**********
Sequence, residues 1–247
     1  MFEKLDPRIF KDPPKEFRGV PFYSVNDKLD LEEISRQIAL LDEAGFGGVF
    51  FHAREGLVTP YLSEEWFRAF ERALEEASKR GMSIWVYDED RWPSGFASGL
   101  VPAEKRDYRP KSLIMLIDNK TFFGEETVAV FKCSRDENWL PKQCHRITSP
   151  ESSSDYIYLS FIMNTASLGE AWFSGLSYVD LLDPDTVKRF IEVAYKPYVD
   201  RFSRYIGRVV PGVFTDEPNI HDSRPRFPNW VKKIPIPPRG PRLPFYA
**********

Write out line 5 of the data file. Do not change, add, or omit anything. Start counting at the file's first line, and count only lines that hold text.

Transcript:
   151  ESSSDYIYLS FIMNTASLGE AWFSGLSYVD LLDPDTVKRF IEVAYKPYVD